1. Adams, R. A., Shipp, S., & Friston, K. J. (2013). Predictions not commands: Active inference in the motor system. Brain Structure and Function, 218(3), 611–643. doi: 10.1007/s00429-012-0475-5.CrossRefGoogle Scholar
  2. Bäß, P., Jacobsen, T., & Schröger, E. (2008). Suppression of the auditory N1 event-related potential component with unpredictable self-initiated tones: Evidence for internal forward models with dynamic stimulation. International Journal of Psychophysiology, 70(2), 137–143.CrossRefGoogle Scholar
  3. Blakemore, S.-J., Frith, C. D., & Wolpert, D. M. (1999). Spatio-temporal prediction modulates the perception of self-produced stimuli. Journal of Cognitive Neuroscience, 11(5), 551–559. doi: 10.1162/089892999563607.CrossRefGoogle Scholar
  4. Botvinick, M., & Cohen, J. (1998). Rubber hands ‘feel’ touch that eyes see. Nature, 391(6669), 756.CrossRefGoogle Scholar
  5. Brown, H., Adams, R., Parees, I., Edwards, M., & Friston, K. (2013). Active inference, sensory attenuation and illusions. Cognitive Processing, 14(4), 411–427. doi: 10.1007/s10339-013-0571-3.CrossRefGoogle Scholar
  6. Chapman, C., Bushnell, M., Miron, D., Duncan, G., & Lund, J. (1987). Sensory perception during movement in man. Experimental Brain Research, 68(3), 516–524.CrossRefGoogle Scholar
  7. Clark, A. (2013). Whatever next? Predictive brains, situated agents, and the future of cognitive science. Behavioral and Brain Sciences, 36(3), 181–204. doi: 10.1017/S0140525X12000477.CrossRefGoogle Scholar
  8. Clark, A. (2015). Radical predictive processing. The Southern Journal of Philosophy, 53, 3–27. doi: 10.1111/sjp.12120.CrossRefGoogle Scholar
  9. Clark, A. (2016). Surfing uncertainty: Prediction, action, and the embodied mind. New York: Oxford University Press.CrossRefGoogle Scholar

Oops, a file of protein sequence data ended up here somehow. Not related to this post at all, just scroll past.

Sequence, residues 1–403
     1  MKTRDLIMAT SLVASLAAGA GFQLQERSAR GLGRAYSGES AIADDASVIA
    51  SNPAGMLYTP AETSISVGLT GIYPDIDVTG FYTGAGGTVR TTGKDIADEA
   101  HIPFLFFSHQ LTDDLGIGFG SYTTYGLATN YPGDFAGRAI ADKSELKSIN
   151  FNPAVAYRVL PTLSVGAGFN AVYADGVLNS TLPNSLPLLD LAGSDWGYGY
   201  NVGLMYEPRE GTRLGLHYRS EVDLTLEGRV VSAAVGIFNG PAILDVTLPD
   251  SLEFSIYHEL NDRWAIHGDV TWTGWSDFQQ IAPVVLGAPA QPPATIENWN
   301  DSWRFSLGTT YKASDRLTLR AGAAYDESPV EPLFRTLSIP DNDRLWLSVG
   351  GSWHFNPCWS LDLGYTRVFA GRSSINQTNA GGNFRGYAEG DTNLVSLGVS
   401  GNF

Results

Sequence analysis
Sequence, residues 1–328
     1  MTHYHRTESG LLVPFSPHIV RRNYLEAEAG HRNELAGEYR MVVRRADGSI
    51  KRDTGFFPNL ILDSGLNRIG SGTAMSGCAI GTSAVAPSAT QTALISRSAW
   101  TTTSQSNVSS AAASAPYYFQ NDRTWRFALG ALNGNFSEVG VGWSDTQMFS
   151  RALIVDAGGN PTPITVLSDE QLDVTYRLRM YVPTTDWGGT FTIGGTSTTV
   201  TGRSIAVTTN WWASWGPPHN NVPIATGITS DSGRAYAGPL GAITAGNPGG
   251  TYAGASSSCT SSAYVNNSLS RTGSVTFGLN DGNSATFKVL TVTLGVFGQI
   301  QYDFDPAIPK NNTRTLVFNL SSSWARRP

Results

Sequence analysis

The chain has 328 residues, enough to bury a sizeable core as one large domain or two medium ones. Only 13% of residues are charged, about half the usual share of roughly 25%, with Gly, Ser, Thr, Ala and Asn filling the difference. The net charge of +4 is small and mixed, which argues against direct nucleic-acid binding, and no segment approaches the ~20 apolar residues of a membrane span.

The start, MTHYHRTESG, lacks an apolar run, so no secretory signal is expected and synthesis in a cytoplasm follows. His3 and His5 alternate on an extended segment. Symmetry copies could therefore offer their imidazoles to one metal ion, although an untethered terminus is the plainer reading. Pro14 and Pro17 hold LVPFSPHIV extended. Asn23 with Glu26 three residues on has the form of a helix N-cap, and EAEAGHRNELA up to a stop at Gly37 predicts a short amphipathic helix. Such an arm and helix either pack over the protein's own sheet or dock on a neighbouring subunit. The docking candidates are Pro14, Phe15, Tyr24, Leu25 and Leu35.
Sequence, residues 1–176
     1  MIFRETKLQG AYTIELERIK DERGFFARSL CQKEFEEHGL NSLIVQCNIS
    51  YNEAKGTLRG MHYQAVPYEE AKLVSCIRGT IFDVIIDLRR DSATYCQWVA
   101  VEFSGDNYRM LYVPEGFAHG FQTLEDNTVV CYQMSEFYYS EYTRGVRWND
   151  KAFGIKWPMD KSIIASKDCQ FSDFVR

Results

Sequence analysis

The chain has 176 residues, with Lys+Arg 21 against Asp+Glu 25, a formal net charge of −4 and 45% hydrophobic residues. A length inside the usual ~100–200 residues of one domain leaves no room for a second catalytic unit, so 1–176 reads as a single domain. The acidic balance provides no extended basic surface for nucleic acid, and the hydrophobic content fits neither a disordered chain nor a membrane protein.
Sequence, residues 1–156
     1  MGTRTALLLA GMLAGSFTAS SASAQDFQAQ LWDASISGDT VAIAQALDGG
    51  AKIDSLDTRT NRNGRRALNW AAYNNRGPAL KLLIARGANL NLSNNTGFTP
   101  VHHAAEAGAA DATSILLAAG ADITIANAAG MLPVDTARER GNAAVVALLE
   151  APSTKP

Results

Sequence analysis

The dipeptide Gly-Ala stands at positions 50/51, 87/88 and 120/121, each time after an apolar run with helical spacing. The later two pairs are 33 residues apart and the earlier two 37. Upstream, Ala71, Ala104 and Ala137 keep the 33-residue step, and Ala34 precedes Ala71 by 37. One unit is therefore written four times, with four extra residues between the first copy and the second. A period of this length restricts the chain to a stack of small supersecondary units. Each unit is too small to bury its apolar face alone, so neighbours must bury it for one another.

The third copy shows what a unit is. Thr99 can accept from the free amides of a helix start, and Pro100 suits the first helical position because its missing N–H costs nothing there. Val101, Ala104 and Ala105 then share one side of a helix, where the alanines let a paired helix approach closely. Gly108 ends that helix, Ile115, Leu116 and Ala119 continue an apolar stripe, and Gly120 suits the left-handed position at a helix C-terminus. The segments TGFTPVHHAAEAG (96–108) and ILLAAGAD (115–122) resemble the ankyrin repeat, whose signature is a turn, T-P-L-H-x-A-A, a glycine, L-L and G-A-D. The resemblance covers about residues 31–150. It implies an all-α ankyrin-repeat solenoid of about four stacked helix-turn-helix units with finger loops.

10. Feldman, H., & Friston, K. J. (2010). Attention, uncertainty, and free-energy. Frontiers in Human Neuroscience. doi: 10.3389/fnhum.2010.00215.Google Scholar
  11. Friston, K. (2010). The free-energy principle: A unified brain theory? Nature Reviews Neuroscience, 11(2), 127–138. doi: 10.1038/nrn2787.CrossRefGoogle Scholar
  12. Friston, K. (2011). What is optimal about motor control? Neuron, 72(3), 488–498. doi: 10.1016/j.neuron.2011.10.018.CrossRefGoogle Scholar
  13. Friston, K., Adams, R., Perrinet, L., & Breakspear, M. (2012a). Perceptions as hypotheses: Saccades as experiments. Frontiers in Psychology. doi: 10.3389/fpsyg.2012.00151.Google Scholar
  14. Friston, K., Mattout, J., & Kilner, J. (2011). Action understanding and active inference. Biological Cybernetics, 104(1–2), 137–160. doi: 10.1007/s00422-011-0424-z.CrossRefGoogle Scholar
  15. Friston, K., Samothrakis, S., & Montague, R. (2012b). Active inference and agency: Optimal control without cost functions. Biological Cybernetics, 106(8), 523–541. doi: 10.1007/s00422-012-0512-8.CrossRefGoogle Scholar